Signs of Life: The Growth of Biotechnology Centers in the US

Signs of Life: The Growth of Biotechnology Centers in the US
By Joseph Cortright and Heike Mayer

Executive Summary

The biotechnology industry is concentrated within nine of the nation’s 51 largest metropolitan areas.

These nine areas account for three-fourths of the nation’s largest biotechnology firms and for threefourths of the biotech firms formed in the past decade. Two of the nine metropolitan areas, Boston and San Francisco, established themselves as the research leaders in biotechnology in the early days after the industry’s founding in the1970s and continue today to be the dominant centers of the biotech industry. Two other metropolitan areas, Philadelphia and New York, have substantial concentrations of biotech activity, related chiefly to the historical presence of the headquarters of the nation’s largest pharmaceutical manufacturers. Since the 1970s, three other metropolitan areas have emerged as significant centers of biotech industry—San Diego, Seattle, and Raleigh-Durham—each of which has built upon a well-recognized and well-funded medical research establishment and has been the site of many start-up firms.

Two additional metropolitan areas, Washington/Baltimore and Los Angeles, also have a concentration of biotech activity. Washington, D.C., has a significant biomedical research establishment and is home to the National Institutes of Health (NIH); in addition, several firms related to the exploration and mapping of the human genome are located in the Washington/Baltimore area. Los Angeles is home to the nation’s largest biotech firm, Amgen, located in Thousand Oaks.

These nine biotech regions are leaders because they have two necessary elements for industry growth: strong research capacity and the ability to convert research into successful commercial activity.

The present analysis suggests that the critical factor in the development of a biotechnology industry is not only the availability of pre-commercial medical research but also the availability of continuing private-sector investment in product development. Most biotech firms operate at a loss, spending large amounts on research and development for several years in advance of earning any sales revenue. These money-losing biotech research firms depend on venture capital investments, on research contracts and equity investments from large pharmaceutical companies (usually in exchange for marketing rights), and on sales of their company stock in public markets.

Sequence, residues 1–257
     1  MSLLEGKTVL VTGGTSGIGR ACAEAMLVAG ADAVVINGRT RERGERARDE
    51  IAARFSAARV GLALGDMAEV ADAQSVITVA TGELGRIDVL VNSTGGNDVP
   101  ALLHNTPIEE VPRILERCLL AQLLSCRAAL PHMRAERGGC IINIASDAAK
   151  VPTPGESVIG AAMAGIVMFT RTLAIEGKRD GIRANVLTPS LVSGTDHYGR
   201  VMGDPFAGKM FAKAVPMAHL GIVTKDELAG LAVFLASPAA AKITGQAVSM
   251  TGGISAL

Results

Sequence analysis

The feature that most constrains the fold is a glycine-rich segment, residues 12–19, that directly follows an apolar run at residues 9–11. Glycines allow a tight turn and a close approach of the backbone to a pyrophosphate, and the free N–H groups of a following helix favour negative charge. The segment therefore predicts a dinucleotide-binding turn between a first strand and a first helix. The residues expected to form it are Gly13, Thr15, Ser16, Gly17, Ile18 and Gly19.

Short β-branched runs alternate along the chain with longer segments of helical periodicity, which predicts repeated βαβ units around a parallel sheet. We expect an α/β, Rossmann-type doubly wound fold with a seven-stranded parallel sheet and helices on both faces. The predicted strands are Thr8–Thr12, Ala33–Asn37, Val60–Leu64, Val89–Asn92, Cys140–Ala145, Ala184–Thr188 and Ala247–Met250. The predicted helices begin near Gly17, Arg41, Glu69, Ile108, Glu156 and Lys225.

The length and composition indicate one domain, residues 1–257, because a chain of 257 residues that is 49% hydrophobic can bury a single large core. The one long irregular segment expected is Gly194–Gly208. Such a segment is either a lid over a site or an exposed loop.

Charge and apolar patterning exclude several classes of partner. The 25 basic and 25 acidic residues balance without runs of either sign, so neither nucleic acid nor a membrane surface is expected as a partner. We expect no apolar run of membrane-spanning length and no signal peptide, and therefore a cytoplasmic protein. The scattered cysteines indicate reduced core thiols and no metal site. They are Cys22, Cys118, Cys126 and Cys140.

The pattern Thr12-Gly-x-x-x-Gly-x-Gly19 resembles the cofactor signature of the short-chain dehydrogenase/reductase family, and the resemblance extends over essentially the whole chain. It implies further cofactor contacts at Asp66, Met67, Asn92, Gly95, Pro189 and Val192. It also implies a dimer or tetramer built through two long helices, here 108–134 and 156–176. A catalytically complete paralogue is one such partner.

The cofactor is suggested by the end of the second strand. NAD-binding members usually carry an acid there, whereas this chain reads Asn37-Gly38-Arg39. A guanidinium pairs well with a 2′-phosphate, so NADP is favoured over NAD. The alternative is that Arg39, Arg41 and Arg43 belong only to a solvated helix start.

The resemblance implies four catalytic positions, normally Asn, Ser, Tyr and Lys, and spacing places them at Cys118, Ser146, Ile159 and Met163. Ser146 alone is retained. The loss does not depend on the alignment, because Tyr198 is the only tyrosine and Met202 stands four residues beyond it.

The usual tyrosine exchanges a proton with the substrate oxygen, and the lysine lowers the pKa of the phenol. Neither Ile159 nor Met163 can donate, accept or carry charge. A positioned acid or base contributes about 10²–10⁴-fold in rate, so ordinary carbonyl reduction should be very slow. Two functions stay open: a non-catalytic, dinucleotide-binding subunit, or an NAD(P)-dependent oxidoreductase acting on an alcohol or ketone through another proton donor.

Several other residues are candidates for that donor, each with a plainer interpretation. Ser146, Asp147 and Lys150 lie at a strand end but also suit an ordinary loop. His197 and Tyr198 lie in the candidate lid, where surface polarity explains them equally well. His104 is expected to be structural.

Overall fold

Biomedical research activity is now relatively widespread, but thus far only a few of the country’s 51 largest metropolitan areas have demonstrated the entrepreneurial and financial capacity required for consistently generating significant numbers of new biotechnology-related businesses. Five of the nine top biotechnology metropolitan areas—the leaders (Boston and San Francisco) and three other areas in which biotech is growing rapidly (San Diego, Seattle, and Raleigh-Durham) — account for the bulk of the growth of new biotechnology firms. Together these five areas have accounted for 75 percent of the new venture capital in biopharmaceuticals in the past 6 years, for 74 percent of the value of research contracts from pharmaceutical firms, and for 56 percent of the new biotech businesses formed during the 1990s.

Thus far none of the other 42 largest metropolitan areas in the United States has developed a significant concentration of biotechnology activity. These other 42 metropolitan areas are divided into three groups, as follows: Four metropolitan areas (Chicago, Detroit, Houston, and St. Louis) can be classified as research centers with limited commercial activity because they rank above average in research activity but below average in commercialization.

Twenty-eight metropolitan areas have some biotechnology research and commercialization but at levels well below the average of the 51 metro areas in the sample. These may be regarded as median metropolitan areas. Ten metropolitan areas (Charlotte, Grand Rapids, Jacksonville, Las Vegas, Louisville, Norfolk, Orlando, Phoenix, San Juan, and West Palm Beach) have no significant biotech research or commercialization, with levels of both research and commercialization at less than 10 percent of the average of the 51 metropolitan areas in the sample.

Development of a successful biotechnology cluster requires a considerable amount of time and investment. Established concentrations of medical researchers and research institutions change slowly. It often takes a decade or more to develop biotechnology-based products, and perhaps one in 1,000 patented biotech innovations produces a successful commercial product. The historically low odds of success and the extended stretch of time associated with developing and securing regulatory approval for commercial biotechnology products mean that metropolitan areas seeking to develop a biotech industry will need to invest a significant amount of time and resources.

Although growing rapidly, the biotechnology industry is still a small portion of most metropolitan economies. To date, even successful biotechnology industry clusters have produced only modest returns to their regional economies. Most biotechnology firms are quite small: nationally only 44 have more than 1,000 employees. (Institute for Biotechnology Information 2001) Biotech firms typically contract with global pharmaceutical firms to produce, market, and distribute successful products rather than attempting to create their own capacity to do so. In the two largest concentrations of biotech activity in the nation (Boston and San Francisco), none of the largest biotech firms is among either region’s 25 largest private employers.

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